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T proceeds with plan to reduce stops on No. 1 bus route

Posted by Roy Greene  June 14, 2011 01:07 PM

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By Justin A. Rice, Globe Correspondent

The MBTA’s Route 1 bus stop at Columbus Avenue is safe — for now — but the Shawmut Avenue stop and 14 others remain on the chopping block as the T proceeds with plans to streamline its fourth-busiest bus line.

As part of a $10 million, one-time federal stimulus fund to enhance 15 of its busiest bus routes, the T proposed major changes to Route 1 in January, including eliminating stops in an effort to prevent buses from “bunching” behind one another.

The T’s latest and slightly less aggressive Route 1 proposal was presented at the South End United Settlements on Monday. A similar presentation on the route that runs from Harvard Square to Dudley Station will be made at 6:30 p.m. tonight at the Cambridge Senior Center.

In March the T proposed a 50-stop route and the current proposal reduces
the route’s 69 stops to 54. The route begins in Harvard Square and snakes down Massachusetts Avenue through the Back Bay and the South End to Dudley Station

Every eliminated stop shaves about 15 seconds off the route’s run time.

“Stack enough of those up and you’re able to save three to five minutes, transportation consultant Ralph DeNisco said, “which doesn’t sound like a lot but the whole run is only 30 minutes.”

But while the Columbus Avenue stop was saved in part by a lobbying effort by State Representative Byron Rushing, the nearby Shawmut stop, for example, didn’t receive as much support.

At Monday’s poorly attended meeting, Patricia Hayden of Dorchester argued that Shawmut is crucial to nearby senior housing even though the closest stop is 430 feet away.

“They think just because people don’t come out to meetings it’s OK to eliminate their stop,” she said. “You have to go out and talk to people before you eliminate it. You can’t please everybody but you at least have to be fair.”

Residents were disappointed to learn at Monday’s meeting that the latest round of bus stop improvements will not include fare vending machines similar to the ones on the Green Line’s D-Branch or countdown clocks similar to the ones on the Silver Line.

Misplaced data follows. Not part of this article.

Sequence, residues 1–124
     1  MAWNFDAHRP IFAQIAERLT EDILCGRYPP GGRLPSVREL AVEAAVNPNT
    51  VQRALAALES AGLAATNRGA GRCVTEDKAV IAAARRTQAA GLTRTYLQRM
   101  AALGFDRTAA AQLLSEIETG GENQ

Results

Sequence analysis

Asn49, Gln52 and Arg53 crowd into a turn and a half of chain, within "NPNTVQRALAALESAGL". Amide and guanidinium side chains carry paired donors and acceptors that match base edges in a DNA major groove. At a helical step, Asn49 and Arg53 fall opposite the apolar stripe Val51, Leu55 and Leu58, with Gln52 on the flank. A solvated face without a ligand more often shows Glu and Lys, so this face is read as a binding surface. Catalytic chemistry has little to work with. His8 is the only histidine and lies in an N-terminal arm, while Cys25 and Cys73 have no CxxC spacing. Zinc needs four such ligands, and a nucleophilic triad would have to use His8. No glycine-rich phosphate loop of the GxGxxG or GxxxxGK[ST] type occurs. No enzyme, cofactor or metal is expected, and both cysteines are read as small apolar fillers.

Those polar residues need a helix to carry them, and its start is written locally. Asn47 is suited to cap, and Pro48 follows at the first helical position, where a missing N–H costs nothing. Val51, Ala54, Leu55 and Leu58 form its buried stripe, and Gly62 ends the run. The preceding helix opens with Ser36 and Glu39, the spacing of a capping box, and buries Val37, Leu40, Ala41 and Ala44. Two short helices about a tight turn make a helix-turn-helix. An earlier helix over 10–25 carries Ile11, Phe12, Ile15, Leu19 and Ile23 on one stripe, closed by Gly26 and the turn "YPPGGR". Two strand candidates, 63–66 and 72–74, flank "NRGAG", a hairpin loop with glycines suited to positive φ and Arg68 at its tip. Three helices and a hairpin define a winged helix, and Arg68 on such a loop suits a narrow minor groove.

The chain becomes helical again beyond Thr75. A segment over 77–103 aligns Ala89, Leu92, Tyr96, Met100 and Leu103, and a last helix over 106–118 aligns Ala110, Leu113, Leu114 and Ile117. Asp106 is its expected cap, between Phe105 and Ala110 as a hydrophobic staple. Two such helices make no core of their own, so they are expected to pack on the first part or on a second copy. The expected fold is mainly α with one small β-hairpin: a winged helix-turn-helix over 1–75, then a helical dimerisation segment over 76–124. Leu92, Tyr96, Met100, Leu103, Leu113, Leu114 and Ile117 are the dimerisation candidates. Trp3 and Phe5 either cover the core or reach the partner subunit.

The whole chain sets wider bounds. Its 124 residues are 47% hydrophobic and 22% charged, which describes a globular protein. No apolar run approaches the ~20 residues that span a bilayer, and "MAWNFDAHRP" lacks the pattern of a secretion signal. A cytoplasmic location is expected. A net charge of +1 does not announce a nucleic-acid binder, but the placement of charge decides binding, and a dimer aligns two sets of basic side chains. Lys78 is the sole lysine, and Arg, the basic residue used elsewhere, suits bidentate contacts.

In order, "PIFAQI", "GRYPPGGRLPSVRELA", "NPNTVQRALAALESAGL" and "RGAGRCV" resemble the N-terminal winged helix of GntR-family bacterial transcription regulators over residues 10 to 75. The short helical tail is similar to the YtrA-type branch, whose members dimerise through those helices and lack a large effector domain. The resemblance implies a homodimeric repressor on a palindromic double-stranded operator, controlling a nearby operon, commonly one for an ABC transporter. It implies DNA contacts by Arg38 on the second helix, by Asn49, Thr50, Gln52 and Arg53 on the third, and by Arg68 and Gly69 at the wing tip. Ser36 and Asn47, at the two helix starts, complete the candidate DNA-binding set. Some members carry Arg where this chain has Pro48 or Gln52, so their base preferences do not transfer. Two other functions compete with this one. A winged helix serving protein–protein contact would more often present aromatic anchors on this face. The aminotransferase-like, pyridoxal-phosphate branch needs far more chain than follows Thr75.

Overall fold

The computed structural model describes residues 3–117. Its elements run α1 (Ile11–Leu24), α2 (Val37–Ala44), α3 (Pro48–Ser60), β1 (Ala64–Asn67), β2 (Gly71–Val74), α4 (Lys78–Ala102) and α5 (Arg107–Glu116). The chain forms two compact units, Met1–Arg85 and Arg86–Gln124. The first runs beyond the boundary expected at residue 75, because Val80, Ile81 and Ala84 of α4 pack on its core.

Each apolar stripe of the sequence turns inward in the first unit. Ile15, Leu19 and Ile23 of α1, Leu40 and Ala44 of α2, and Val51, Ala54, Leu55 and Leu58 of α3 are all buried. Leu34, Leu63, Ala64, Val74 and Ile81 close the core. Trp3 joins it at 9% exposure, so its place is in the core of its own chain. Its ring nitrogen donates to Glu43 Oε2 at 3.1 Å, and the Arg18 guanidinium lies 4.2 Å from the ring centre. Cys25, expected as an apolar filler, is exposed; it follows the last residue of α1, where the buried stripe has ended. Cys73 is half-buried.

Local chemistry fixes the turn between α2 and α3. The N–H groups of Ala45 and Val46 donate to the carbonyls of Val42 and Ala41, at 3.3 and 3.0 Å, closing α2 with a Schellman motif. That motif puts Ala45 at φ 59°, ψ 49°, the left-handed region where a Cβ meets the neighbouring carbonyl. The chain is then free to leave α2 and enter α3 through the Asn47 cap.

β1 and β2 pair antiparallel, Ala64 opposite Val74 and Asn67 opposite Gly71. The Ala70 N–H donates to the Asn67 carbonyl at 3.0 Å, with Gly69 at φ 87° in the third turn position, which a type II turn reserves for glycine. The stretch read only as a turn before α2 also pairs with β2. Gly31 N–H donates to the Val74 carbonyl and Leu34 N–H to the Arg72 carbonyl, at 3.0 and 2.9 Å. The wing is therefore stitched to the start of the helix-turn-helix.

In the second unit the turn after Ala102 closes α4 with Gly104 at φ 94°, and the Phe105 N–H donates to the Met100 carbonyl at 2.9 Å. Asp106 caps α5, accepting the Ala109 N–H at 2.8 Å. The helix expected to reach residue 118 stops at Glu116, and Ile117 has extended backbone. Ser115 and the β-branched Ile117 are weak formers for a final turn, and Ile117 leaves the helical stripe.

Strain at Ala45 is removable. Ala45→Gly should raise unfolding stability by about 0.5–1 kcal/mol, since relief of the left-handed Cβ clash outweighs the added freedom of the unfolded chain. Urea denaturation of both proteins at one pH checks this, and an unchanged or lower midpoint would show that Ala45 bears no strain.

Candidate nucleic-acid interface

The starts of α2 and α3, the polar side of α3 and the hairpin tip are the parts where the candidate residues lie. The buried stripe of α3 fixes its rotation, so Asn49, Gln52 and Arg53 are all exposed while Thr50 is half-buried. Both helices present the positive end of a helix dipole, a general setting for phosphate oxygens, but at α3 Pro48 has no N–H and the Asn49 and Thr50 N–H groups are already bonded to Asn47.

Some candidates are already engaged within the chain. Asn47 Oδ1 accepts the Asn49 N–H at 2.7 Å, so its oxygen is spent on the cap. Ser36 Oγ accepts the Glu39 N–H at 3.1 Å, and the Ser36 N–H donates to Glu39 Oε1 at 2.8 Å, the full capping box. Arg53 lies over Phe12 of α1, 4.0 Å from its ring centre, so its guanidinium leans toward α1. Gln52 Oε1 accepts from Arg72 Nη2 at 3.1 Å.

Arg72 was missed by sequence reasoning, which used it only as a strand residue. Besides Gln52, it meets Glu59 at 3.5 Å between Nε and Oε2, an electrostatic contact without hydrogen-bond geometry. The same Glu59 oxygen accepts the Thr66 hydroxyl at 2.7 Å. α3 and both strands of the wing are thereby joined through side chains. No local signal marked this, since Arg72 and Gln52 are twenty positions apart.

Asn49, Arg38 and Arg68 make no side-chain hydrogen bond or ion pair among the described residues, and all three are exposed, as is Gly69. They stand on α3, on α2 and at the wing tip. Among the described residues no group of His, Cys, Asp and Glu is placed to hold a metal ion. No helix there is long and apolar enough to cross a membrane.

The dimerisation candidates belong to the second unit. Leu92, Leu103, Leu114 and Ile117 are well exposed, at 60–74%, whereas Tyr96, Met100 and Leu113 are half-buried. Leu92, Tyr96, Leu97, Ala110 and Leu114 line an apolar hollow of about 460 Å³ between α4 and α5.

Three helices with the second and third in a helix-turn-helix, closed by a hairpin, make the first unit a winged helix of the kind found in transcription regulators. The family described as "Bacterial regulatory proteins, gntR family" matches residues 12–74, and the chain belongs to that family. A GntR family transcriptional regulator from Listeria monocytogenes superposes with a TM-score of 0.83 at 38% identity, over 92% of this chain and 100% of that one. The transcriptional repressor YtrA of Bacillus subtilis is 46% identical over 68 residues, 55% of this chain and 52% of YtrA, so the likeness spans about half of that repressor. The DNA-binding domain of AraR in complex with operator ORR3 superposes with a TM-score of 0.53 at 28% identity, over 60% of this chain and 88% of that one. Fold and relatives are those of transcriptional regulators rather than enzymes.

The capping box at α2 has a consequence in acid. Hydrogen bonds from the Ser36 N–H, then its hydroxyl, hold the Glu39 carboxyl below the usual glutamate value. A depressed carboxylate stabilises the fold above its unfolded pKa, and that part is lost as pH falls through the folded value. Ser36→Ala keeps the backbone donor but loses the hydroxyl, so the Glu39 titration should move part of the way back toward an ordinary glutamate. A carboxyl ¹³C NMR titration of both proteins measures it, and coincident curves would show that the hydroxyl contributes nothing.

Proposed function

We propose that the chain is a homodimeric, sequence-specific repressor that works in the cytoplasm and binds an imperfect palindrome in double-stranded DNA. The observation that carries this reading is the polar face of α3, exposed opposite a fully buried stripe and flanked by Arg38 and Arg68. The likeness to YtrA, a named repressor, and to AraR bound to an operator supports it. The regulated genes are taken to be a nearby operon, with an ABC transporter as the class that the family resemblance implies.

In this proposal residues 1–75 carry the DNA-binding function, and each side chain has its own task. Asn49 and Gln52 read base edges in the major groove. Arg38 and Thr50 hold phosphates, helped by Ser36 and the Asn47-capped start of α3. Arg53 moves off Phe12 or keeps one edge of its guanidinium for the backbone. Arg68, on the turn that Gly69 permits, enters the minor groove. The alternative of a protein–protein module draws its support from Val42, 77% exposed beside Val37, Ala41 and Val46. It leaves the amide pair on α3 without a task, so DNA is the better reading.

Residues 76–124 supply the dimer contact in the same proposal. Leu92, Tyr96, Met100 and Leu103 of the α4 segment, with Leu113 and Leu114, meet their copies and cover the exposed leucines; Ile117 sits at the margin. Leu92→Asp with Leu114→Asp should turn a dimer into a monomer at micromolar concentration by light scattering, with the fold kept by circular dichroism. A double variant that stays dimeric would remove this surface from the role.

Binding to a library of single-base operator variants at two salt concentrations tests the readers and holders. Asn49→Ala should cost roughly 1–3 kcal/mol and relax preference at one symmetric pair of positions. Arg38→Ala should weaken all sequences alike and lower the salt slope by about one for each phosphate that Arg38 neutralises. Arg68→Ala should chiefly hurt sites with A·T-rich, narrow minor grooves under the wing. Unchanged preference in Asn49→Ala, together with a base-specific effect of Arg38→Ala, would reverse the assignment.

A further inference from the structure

Improved signs, however, will clearly post the stops' unique number so riders can call the T’s customer service line to learn exactly when the bus will arrive.

The renovated and new stops will also increase accessibility for disabled riders. A 5-by-8 foot landing pad will line up where the front of the bus hits the sidewalk.

“The way to think about it is it’s enough space for someone with a wheelchair to get off and turn around,” DeNisco said.

And while all the stops will be made long enough for buses to pull all the way up to the curb, Lee Matsueda of the T Riders Union said bus drivers don’t always pull all the way up to the stops that currently accommodate their entire vehicle.

“It’s huge,” Matsueda said of the added space. “Now all drivers need to use it.”

The T hopes to present its final Route 1 plan during a fourth and final round of public meetings at the end of the year and begin construction in the spring of 2012.

“Our customers are clamoring for a quicker ride,” T General Manager Richard A. Davey recently said. “One way to have a quicker ride is to have less stops and consolidate stops. What you’re doing is asking folks to walk a block or two farther from their home or somewhere else.

“It’s like anything else, all politics are local, all transportation bus stops are local. People have their own bus stops. That’s why there’s a public process. We’ll work through it with the community.”

For detailed project information, please visit

E-Mail Justin A. Rice at

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